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What you say (or don’t say) to federal agents can lead to charges

When people talk about breaking the law, they mostly focus on state statutes, like speed limits or laws against shoplifting. However, some individuals will face prosecution not from state government entities but the federal government.

Numerous circumstances can lead to federal investigations and possibly to prosecution. All too often, those under investigation by federal agencies inadvertently cause their own criminal charges through what they say to investigators during an interview. Even when you are not under arrest, what you say to federal investigators could directly lead to criminal charges

What you say or don’t say can hurt your case

The federal government makes good use of the False Statements Accountability Act of 1996 in investigations and criminal cases. Since 1996, there has been a federal statute on the books criminalizing the act of providing inaccurate or misleading information to federal investigators, as well as the act of withholding information with a direct correlation to the investigation.

Individuals who don’t understand this rule or how strictly the federal government enforces it could easily make mistakes when interacting with federal law enforcement agents. If you make a statement that the government can prove is a falsehood, if you omit information they can prove you knew or if you contradict yourself by providing different details at various points in an interrogation, your words may run afoul of the False Statements Accountability Act.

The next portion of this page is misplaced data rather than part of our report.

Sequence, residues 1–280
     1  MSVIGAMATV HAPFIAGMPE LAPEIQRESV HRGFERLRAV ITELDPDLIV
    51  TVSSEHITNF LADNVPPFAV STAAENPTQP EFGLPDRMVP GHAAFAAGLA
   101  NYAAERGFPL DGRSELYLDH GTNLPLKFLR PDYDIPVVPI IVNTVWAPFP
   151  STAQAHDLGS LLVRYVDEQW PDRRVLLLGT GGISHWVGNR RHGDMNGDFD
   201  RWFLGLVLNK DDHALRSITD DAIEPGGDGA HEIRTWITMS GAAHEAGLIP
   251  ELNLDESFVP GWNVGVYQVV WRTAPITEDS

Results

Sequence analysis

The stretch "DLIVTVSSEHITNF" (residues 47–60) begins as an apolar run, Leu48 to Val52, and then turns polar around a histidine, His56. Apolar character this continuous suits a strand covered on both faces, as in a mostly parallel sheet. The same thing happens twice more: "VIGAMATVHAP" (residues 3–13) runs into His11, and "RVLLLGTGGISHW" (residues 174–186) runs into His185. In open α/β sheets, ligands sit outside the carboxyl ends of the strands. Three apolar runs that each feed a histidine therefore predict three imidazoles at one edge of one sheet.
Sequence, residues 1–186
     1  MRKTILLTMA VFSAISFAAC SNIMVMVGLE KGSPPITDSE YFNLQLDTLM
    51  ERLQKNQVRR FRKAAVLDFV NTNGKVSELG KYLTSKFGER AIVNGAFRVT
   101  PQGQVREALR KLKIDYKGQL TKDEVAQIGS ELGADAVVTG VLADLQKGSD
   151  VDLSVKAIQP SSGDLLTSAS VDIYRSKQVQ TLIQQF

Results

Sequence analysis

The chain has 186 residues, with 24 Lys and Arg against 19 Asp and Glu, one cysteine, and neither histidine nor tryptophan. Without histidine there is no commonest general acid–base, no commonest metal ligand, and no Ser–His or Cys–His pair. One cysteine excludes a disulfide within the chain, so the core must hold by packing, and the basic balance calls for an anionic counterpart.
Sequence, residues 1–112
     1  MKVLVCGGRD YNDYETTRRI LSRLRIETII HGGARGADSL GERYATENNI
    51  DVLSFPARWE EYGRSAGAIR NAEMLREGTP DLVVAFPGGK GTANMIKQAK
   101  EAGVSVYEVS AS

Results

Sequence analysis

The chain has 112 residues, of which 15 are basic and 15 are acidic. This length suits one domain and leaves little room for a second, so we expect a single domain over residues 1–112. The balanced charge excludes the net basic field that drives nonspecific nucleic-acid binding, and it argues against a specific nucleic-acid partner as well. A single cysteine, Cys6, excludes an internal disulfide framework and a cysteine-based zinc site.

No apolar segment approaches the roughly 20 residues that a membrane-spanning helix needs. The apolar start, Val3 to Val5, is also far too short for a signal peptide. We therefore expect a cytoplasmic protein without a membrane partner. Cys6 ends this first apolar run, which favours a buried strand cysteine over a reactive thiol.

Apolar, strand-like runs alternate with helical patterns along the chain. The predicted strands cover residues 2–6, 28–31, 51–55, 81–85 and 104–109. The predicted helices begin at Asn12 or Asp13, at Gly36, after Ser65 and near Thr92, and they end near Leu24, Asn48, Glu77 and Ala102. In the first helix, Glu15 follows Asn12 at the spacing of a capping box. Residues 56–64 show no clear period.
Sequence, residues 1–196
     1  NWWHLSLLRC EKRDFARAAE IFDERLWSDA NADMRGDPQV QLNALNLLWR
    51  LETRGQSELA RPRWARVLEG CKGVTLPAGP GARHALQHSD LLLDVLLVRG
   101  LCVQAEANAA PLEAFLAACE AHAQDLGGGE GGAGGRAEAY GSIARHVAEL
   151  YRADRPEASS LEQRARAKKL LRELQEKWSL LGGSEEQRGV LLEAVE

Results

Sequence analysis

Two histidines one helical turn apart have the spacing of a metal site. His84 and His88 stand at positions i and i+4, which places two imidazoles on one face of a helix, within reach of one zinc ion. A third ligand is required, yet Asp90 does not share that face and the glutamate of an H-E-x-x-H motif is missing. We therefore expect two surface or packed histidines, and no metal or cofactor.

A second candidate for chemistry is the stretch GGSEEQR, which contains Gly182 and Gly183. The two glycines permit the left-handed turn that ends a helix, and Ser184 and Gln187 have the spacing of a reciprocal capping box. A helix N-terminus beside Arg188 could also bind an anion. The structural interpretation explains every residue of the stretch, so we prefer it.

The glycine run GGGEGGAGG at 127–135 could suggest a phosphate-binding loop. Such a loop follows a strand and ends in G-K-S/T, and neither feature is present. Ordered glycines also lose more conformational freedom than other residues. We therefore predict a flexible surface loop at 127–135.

A significant number of individuals facing federal charges do not face charges for a specific crime but rather for how they comport themselves during interviews and interrogations conducted by federal authorities. To bring charges under False Statements Accountability Act, the government must show that someone knowingly and intentionally made a voluntary statement that they knew was false.

Those under investigation need to know the law and their rights

Learning that you are the subject of a federal investigation is downright frightening. You may worry about what the investigation likely means for your future. Rather than simply complying with requests by federal investigators, you can better protect yourself by learning about the laws that apply to the investigation, the laws they alleged you may have violated and your rights when subject to federal investigation or criminal charges.

Learning more about common causes of federal criminal cases can protect those subject to an investigation.